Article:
Voters in Maine approved a ballot measure on Tuesday to allow many more low-income residents to qualify for Medicaid coverage under the Affordable Care Act, The Associated Press said. The vote was a rebuke of Gov. Paul LePage, a Republican who has repeatedly vetoed legislation to expand Medicaid.

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The Trump administration is moving ahead with Obama-era requirements to post calorie counts in restaurants, supermarkets, convenience stores and pizza delivery chains nationwide next year.

Despite years of opposition by some food sellers, the Food and Drug Administration is offering only minor compromises to industry complaints about the difficulties of displaying calories at takeout chains, self-service buffets and other non-restaurant food locations.

The FDA posted a preliminary guidance online Tuesday to help businesses comply with the law.

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House Ways and Means Committee Chairman Kevin Brady, R-Texas, isn’t giving up on including a repeal of Obamacare’s individual mandate in the GOP’s tax reform bill.

Brady told radio host Hugh Hewitt Tuesday that he is still considering including mandate repeal in the tax bill, which was being marked up by his committee on Tuesday. Brady said he is expecting an updated score from the nonpartisan Congressional Budget Office on the impact of including repeal.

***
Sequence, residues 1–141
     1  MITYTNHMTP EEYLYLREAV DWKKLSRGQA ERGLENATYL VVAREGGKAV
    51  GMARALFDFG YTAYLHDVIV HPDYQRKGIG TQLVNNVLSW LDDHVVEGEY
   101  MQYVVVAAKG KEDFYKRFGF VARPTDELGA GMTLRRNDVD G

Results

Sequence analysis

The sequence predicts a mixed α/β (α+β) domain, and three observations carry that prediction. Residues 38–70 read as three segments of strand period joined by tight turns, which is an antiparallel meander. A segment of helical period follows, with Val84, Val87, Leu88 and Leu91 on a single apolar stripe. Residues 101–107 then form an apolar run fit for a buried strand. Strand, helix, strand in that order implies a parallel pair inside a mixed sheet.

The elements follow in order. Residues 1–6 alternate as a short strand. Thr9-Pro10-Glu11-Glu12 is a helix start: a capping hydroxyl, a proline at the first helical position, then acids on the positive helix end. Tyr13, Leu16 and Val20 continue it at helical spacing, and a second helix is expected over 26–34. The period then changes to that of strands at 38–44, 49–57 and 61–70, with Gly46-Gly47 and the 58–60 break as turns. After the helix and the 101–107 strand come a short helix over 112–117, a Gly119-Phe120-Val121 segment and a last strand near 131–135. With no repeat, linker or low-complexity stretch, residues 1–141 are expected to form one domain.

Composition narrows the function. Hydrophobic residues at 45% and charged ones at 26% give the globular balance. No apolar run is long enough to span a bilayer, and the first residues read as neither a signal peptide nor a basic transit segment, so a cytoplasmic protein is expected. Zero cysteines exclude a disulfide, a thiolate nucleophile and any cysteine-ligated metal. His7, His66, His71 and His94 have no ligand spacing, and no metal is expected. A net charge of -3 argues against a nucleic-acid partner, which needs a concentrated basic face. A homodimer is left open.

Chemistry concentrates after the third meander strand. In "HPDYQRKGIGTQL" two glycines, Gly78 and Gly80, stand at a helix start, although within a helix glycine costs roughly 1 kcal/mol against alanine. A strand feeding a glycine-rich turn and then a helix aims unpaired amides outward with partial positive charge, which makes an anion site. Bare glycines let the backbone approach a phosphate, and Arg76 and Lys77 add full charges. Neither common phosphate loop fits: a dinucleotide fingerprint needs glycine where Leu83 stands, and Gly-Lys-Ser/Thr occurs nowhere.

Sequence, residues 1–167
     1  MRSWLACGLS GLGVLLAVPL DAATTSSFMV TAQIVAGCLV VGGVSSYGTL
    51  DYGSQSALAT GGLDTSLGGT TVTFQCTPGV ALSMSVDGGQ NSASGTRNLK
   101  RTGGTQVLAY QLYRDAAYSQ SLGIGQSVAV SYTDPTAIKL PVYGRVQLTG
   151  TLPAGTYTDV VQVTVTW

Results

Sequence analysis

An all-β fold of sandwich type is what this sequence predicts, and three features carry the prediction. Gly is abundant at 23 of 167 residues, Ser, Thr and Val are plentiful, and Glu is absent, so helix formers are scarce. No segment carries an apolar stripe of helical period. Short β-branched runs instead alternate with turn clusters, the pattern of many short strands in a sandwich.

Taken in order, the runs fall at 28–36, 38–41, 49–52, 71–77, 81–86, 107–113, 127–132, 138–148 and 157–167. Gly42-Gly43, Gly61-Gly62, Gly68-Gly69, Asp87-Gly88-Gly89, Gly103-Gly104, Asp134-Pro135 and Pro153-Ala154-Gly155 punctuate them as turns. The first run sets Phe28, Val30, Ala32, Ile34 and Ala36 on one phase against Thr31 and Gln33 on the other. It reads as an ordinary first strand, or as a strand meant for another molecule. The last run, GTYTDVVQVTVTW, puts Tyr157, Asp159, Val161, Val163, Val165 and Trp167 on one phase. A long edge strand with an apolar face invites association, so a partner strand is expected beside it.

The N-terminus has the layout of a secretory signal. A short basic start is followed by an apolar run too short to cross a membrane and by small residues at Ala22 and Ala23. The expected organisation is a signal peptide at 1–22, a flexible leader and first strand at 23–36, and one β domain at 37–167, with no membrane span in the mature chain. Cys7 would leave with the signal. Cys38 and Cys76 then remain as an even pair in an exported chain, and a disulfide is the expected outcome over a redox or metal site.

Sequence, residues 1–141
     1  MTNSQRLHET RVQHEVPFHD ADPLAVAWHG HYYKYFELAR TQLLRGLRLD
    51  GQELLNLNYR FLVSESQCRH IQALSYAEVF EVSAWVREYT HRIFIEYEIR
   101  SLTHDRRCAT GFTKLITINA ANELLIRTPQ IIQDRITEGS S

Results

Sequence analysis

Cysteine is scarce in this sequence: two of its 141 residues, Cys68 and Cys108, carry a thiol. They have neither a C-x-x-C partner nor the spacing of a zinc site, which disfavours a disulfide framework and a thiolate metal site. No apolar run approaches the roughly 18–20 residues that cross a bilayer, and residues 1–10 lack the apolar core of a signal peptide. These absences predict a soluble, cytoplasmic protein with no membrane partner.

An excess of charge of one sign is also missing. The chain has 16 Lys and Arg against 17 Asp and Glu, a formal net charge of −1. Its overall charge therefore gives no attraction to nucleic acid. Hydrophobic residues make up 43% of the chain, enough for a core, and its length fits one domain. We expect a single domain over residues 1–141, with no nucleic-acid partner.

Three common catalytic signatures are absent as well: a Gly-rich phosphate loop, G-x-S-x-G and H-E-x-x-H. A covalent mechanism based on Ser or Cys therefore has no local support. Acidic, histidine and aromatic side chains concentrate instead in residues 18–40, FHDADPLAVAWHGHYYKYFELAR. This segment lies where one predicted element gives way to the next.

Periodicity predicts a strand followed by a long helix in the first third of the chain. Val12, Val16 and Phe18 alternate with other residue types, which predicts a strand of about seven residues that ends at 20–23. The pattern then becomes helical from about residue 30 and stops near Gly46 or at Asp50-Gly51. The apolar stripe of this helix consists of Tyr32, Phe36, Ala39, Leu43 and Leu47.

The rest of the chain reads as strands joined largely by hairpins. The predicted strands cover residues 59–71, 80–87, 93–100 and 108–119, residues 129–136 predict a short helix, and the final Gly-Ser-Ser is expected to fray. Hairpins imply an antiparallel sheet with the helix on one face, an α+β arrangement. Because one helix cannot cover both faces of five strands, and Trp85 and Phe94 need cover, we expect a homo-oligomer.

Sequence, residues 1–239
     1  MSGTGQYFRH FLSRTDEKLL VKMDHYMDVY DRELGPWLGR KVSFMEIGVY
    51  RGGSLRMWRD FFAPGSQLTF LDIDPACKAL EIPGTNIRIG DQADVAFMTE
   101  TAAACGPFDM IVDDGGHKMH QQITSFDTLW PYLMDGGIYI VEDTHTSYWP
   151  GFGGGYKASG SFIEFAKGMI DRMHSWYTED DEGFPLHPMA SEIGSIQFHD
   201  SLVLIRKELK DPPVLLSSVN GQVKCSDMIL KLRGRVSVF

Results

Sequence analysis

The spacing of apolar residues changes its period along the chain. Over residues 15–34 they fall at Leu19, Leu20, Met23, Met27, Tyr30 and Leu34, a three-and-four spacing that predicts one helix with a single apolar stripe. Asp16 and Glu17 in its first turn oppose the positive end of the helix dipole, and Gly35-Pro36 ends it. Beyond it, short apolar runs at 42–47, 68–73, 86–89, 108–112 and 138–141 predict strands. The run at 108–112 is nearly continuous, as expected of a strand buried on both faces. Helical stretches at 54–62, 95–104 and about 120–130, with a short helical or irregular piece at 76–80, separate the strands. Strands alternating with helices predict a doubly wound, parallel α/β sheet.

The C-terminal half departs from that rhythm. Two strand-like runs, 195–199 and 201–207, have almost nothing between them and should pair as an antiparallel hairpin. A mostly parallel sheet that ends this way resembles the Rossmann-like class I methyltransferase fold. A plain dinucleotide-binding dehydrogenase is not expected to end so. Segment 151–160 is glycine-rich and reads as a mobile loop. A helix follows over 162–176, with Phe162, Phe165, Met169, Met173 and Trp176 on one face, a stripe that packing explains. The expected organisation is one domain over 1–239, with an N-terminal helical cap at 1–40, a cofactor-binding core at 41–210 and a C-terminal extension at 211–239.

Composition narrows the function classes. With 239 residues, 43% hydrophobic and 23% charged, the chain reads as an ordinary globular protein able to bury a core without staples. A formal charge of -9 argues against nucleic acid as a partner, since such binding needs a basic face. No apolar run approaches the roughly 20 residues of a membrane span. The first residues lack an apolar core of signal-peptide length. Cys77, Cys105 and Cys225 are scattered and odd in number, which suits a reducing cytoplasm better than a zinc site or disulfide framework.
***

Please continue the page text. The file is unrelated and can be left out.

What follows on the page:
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Dr. Ezekiel Emanuel, recently described in the Chicago Tribune as “a trusted ally of former President Barack Obama and chief architect of the Affordable Care Act” has proposed in this week’s Journal of the American Medical Association (JAMA) a new “Affordability Index” to measure trends in the affordability of employer-provided health coverage.  Tracking the affordability of employer-sponsored insurance (which I will shorthand as ESI) is certainly worthwhile and important given that over half of the nation’s population relies on such coverage.

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Californians better get comfortable. The wait time to see a doctor in the Golden State may be about to skyrocket.

Last week, California Assembly Speaker Anthony Rendon and a select committee of representatives held two days of hearings in Sacramento on Senate Bill 562 — the Healthy California Act — which promises to enroll all Californians in a government-run, single-payer healthcare system.

The controversial bill passed the state Senate on June 1. But Speaker Rendon “parked” it because he said it did not give enough details on cost and coverage. The California Nurses Association is pushing hard for the Assembly to pass the bill early next year. It is unclear whether Governor Brown would sign it.

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Conservatives are attempting to revive efforts to gut Obamacare’s individual mandate as part of the Republican overhaul of the tax code.

But the House’s top tax writer, while leaving the door open to a measure President Donald Trump supports, said Friday that such a move would complicate the tax package’s prospects, particularly in the Senate.